Gerald Haigh investigates how the brain makes sense of what we see
Look at your eyes in a mirror. In the centre of each is a black hole - the pupil, just a few millimetres across. Now consider that everything you see as you work, drive, enjoy the view at the seaside, read a book, gaze on your children - all of your world in fact - goes in through those two little holes to be projected as an image, upside down, the size of a postage stamp, on the retina at the back of the eye.
So far this is probably familiar territory - the structure and function of the eye, revealed in a cross-sectional diagram showing the cornea, the lens, the retina and the optic nerve. What we don't often consider - and what is surely the real miracle of sight - is the process by which the brain takes that small flickering upside-down image and uses it to construct the full majesty of stereoscopic, moving three-dimensional human vision.
Are we born with that ability? Many living organisms, after all, act on visual stimuli from the moment of birth - nestling birds hide from a flying predator, even a simple schematic model of one. Does a newborn human have anything like that, or is a baby faced with an incoherent jumble that has to be sorted out over time by the growing and developing visual system?
It's obviously difficult to carry out controlled experiments on human babies, so it's not an easy question to answer. However, the general conclusion is that, no it's not just a jumble, but, yes, there is an awful lot of learning to be done - part of being human, it seems, is having fewer innate skills and more that are constructed by the brain.
The "not a jumble" position is arrived at through the work of experimental psychologists who have discovered that babies as young as two days can distinguish between different printed patterns, and prefer those with curves. They can also - again effectively at birth - tell the difference between a cartoon-ish picture of an oval face (hairline, eyes, eyebrows, nose, mouth) and one with the same facial features arranged randomly on the basic oval. (This methodology was developed by Robert Fantz, and described in 1961 in Scientific American; it consists of measuring how long the babies choose to look at the different patterns.) A new-born baby hasn't had time to learn this, and so it's innate - an inherited characteristic and part of the story of human evolution.
That's just the start, though. Upon that innate framework, the full extent of which is still not known, is built an elaborate structure of learned visual skills and insights culminating in the adult's ability to build a fully functioning mental construct of what's out there. We take this constructional ability for granted, because we live with it, but it's astonishing stuff, and has fascinated philosophers and scientists for centuries. The great 19th-century pioneer of the psychology of visual perception, Hermann von Helmholtz, put it very clearly: "Visual perception is intelligent decision-making based on limited sensory evidence."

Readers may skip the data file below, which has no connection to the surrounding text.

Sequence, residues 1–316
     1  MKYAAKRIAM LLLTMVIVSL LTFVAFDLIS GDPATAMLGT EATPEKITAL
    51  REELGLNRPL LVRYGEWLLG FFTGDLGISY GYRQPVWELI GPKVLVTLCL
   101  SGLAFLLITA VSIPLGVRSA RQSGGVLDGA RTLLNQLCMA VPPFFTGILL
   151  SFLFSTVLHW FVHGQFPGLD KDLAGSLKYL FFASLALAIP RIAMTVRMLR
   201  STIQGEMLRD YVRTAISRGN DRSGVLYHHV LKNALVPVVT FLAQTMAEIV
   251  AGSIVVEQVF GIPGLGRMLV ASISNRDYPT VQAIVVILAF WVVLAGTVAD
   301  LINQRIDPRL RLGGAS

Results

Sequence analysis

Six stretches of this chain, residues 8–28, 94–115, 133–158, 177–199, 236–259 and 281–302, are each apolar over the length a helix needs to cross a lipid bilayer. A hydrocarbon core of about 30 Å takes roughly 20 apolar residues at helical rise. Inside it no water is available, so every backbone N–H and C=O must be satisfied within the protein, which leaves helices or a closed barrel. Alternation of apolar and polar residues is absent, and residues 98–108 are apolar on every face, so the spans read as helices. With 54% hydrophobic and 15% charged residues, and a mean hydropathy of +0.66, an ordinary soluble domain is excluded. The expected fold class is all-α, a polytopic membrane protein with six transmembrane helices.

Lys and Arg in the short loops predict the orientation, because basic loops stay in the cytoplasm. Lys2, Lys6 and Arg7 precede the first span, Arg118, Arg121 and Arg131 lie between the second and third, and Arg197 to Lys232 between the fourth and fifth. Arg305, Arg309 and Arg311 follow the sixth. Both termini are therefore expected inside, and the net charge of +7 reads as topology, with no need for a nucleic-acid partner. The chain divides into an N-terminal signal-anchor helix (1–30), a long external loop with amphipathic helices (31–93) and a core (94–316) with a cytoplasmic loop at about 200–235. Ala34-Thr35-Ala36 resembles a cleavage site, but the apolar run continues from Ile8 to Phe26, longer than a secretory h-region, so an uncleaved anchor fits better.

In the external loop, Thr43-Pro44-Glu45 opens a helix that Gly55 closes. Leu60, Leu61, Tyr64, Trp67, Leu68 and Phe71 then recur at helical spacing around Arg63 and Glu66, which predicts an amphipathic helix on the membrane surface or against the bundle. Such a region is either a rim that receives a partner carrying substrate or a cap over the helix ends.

In discussing this, psychologists think of two sorts of processing - "bottom up", the straightforward acceptance of what's in the retinal image; and "top down", which means using what we already know, or have learned, to fill in or complete the image. Clearly, we need both. "Top down on its own is dreaming," is how visual psychologist Richard Gregory puts it. Professor Gregory, for many years a leading figure in this field (his highly accessible book Eye and Brain is in its fifth edition) sees "top down" processing in terms of the brain's continual drive to construct objects from the patterns on the retinal image. "It goes back to the gestalt psychology of the Twenties," he says. "Art depends on it. A cartoonist makes what looks like a few doodles and you see objects in it."
The brain, he says, sets up a hypothesis as to what it's seeing, based on the "bottom up" information, and then completes the picture "top down" from what you know already. So, for example, a few lines and curves on the retinal image lead you to decide that what you're looking at is a cup of tea. You fill in the rest, and your behaviour - reaching out, looking for a handle, being careful in case it's hot, trying not to spill it - are determined by your hypothesis and not by the direct stimuli.
That this is how it works is confirmed by the relative ease with which we can make mistakes - so we see the Loch Ness monster in a pattern of shadows, or the face of the Virgin Mary in a cheese toastie. In each case the brain has found something in the pattern presented by the retinal image that corresponded with its learned or inherited experience of objects. As Gregory writes in Eye and Brain: "Any retinal image is infinitely ambiguous, though generally but one interpretation is seen."
In terms of the survival of our species, it's the kind of process that enables you to spot a lurking enemy, or even to find a mate. So it gets you into trouble once in a while? That's life, my friend.